But, like others whom Brown quotes in her piece, I’m not simply sitting around waiting for a groundswell of activity in this direction. Instead, I work diligently to find the opportunities that are, in fact, open to Gen Xers (and sometimes, even older folks) on my own.

Last summer, for instance, I enrolled in a free “Hebrew Reading Crash Course” to re-familiarize myself with the aleph-bet. My weekly class at the JCC Manhattan was an evening one, convenient for those of us with 9-5 responsibilities and supervisors. Similar classes are held throughout North America, thanks to the National Jewish Outreach Program.

More recently, I discovered the multi-faceted offerings of the Tikvah Fund, including free courses like the one I enrolled in this past winter on Zionist Thought and Statesmanship. Again, I opted for an evening class, but most of the semester-long courses – like Dara Horn’s “When Bad Things Happen to Good People: Divine Justice and Creativity in Jewish Literature” – were held during the day, which might work better for some. Recently, applications were invited for the Tikvah Advanced Institutes, which are described as aiming “to provide accomplished professionals from around the globe the opportunity to study big ideas, great texts, and current issues with some of the world’s leading thinkers and practitioners.” These seminars, slated for the fall, are better than free: they offer stipends.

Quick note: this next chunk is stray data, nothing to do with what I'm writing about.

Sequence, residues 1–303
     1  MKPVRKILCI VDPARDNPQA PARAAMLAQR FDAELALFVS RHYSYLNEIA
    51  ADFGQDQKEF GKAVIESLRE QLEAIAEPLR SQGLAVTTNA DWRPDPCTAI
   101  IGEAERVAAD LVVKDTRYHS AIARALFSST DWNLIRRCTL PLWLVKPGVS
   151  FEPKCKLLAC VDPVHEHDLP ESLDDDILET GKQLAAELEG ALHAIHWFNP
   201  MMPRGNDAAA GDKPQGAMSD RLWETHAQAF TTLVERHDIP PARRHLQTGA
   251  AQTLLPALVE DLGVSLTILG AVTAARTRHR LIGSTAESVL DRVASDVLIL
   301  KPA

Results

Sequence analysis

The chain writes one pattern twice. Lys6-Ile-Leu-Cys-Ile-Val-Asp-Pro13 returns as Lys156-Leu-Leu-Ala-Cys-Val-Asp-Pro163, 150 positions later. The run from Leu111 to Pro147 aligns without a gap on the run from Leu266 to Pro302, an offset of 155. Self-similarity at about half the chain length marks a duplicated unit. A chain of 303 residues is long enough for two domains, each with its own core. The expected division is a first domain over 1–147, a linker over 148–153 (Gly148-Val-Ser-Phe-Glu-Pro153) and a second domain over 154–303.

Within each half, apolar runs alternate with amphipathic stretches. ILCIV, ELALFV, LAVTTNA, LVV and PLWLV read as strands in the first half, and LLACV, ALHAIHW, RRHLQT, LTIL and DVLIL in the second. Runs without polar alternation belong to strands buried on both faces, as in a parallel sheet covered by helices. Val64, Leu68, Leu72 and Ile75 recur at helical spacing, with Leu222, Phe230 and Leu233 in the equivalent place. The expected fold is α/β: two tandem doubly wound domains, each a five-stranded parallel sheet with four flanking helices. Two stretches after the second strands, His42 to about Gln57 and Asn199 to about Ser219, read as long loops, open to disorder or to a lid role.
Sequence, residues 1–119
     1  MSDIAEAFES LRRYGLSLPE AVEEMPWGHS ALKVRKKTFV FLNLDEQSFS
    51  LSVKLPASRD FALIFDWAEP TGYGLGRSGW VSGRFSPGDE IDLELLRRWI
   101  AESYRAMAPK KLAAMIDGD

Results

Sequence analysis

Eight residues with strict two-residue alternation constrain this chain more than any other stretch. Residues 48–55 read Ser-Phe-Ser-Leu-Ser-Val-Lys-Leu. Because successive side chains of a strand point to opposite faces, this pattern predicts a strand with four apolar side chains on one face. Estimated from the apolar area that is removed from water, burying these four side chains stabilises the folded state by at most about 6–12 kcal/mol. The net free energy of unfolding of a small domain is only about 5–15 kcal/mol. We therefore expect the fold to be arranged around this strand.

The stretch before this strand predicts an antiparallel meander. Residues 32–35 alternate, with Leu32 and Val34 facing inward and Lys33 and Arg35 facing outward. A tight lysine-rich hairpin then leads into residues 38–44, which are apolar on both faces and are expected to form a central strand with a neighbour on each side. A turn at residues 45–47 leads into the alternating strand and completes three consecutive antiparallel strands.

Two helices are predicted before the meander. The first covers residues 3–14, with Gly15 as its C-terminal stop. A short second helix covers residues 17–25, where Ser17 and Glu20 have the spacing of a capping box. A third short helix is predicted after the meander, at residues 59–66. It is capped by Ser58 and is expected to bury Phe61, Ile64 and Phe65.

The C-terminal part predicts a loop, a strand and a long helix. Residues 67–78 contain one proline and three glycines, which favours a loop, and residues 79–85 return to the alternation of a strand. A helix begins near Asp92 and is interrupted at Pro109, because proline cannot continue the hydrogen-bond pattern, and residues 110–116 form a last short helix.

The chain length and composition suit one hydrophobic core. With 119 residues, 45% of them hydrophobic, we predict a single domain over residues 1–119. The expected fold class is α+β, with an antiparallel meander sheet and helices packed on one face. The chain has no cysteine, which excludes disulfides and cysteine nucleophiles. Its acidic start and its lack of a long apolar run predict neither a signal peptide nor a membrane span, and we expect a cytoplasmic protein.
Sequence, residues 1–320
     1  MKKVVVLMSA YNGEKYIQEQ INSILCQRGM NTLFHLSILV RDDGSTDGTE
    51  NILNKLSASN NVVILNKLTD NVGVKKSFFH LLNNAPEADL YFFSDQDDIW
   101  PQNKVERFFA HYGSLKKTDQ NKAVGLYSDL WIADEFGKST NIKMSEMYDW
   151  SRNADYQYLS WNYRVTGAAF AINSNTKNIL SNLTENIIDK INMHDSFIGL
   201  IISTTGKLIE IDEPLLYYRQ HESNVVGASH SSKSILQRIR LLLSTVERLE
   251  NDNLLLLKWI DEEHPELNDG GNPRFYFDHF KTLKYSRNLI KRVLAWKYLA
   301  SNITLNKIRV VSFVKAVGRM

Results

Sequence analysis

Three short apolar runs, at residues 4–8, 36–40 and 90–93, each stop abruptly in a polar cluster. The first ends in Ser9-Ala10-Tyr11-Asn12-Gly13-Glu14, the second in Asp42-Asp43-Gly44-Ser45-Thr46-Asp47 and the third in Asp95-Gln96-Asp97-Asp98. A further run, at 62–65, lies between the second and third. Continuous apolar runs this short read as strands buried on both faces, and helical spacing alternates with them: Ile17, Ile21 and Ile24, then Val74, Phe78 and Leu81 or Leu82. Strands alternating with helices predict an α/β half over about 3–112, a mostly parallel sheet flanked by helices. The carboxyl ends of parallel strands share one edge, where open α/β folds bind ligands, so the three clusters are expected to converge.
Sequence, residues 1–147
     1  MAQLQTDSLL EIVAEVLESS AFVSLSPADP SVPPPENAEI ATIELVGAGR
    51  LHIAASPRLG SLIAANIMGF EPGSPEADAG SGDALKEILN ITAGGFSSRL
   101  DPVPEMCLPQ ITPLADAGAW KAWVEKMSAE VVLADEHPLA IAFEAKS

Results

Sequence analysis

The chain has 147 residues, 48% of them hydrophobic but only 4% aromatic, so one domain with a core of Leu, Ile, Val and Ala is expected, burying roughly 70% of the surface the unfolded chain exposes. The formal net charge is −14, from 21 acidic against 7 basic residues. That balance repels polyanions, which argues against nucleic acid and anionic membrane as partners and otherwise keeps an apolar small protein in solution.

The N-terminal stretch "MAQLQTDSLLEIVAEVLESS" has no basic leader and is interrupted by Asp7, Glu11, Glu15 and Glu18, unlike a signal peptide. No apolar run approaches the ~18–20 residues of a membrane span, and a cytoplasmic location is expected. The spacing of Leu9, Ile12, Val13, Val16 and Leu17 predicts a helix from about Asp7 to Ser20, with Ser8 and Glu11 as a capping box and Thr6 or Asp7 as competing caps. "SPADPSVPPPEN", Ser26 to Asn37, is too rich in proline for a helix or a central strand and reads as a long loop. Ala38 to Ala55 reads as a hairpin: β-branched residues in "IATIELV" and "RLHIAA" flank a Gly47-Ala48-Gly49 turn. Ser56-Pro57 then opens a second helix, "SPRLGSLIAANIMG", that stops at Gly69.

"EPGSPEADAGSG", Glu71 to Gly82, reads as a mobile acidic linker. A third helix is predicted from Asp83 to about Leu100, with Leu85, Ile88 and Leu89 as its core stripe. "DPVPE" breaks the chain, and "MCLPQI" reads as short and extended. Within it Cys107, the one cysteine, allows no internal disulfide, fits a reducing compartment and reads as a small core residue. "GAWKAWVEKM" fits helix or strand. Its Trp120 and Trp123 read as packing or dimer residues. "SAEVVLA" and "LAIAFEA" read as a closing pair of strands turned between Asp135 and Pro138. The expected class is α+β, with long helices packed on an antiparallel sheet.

For the writers and artists among us who find inspiration in Jewish texts and traditions, there are additional opportunities. LABA: House of Study, which describes itself as “a secular beit midrash and culture laboratory at the 14th Street Y in New York City,” annually selects 10 fellows “to partake in a yearlong study of classical Jewish texts centered around a theme”; the program is now taking applications for 2013-14, when the theme will be “Mother”. Earlier this spring, nearly 70 lucky individuals were chosen to participate in the Asylum International Jewish Artist Retreat (applications were permitted from artists and writers up to the ripe age of 45). And the newly-launched Posen Society of Fellows welcomes applications from doctoral students and emerging fiction writers, with no age limits indicated.

– See more at: http://ejewishphilanthropy.com/beyond-birthright-how-fortysomethings-can-cultivate-jewish-connections/#sthash.Yi7jxHNG.dpuf